Uphill Sprinting for Toning Legs

Uphill Sprinting for Toning Legs

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Strong, sleek legs power you ever higher.

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There's no way you can go wrong with uphill sprinting. Of course, your legs get toned, but so much more happens, and all of it is beneficial for your fitness. Hill sprints also increase cardiovascular endurance training and blast away fat. They even force you into perfect sprint form, making you land nicely on your forefoot instead of your heel. So, find a hill and begin thundering up.

The Necessary Ingredients

Look for a nice steady slope of 8 to 10 degrees. Stadium stairs can fill in if you are in Florida or Texas, or somewhere else mostly flat. An overall length of 100 yards, the size of a football field, works well. Warm up for five to 10 minutes with calisthenics and dynamic stretches such as high kicks, jumping jacks and squats.

Building Up Each Week

If you are looking for high-level conditioning as well as toned legs, you can follow the regimen provided by the authors of “High-Performance Sports Conditioning.” They recommend starting your first week with two sets of three to five reps of 15-yard uphill sprints, at 75 percent of your maximum speed. For Week 2, increase the distance to 20 yards and go for your maximum speed. Each week, increase your distance and reps until by Week 6, you can perform at least three sets of seven reps of 60 yards. Continue to try to improve your distance each week.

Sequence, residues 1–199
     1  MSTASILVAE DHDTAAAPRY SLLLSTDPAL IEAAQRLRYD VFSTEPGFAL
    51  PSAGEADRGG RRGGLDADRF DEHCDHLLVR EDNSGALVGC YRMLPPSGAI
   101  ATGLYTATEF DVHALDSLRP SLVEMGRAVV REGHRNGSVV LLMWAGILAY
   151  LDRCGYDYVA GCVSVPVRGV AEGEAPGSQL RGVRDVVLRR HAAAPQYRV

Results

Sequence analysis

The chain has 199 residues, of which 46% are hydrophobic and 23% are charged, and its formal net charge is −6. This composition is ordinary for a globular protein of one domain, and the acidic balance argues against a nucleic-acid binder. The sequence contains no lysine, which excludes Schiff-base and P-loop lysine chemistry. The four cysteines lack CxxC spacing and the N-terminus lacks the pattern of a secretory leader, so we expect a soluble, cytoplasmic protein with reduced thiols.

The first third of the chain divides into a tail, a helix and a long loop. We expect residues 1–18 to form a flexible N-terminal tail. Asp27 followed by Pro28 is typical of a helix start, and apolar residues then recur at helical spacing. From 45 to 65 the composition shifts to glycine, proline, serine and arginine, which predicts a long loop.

No Pain, No Gain

Curt Pedersen of describes losing 10 pounds of fat in a few weeks of running hills without changing how he eats. He suggests a similar program, by starting with five sprints at 75 percent your first time out. Add one or two sprints per week, until you can get to 20 per workout. Start with two workouts weekly and work up to four to five a week. He also advises keeping your knees high as you run, your chin up and pushing off the balls of your feet. Hill sprints can be painful, he acknowledges, but in addition to toning your legs, they bring mental toughness.

Variations for Strength

Famed running coach Eric Orton worked with “Born to Run” author Chris McDougall to allow him to correct nagging injuries so he could become an ultra-marathoner. Orton put McDougall through hill sprints over an eight-week training period to build his leg strength. Orton recommends regular hill sprints with high knees to improve your entire run gait. Perform a variation with your hands behind your neck to remind you to raise your knees higher and to engage your core as well.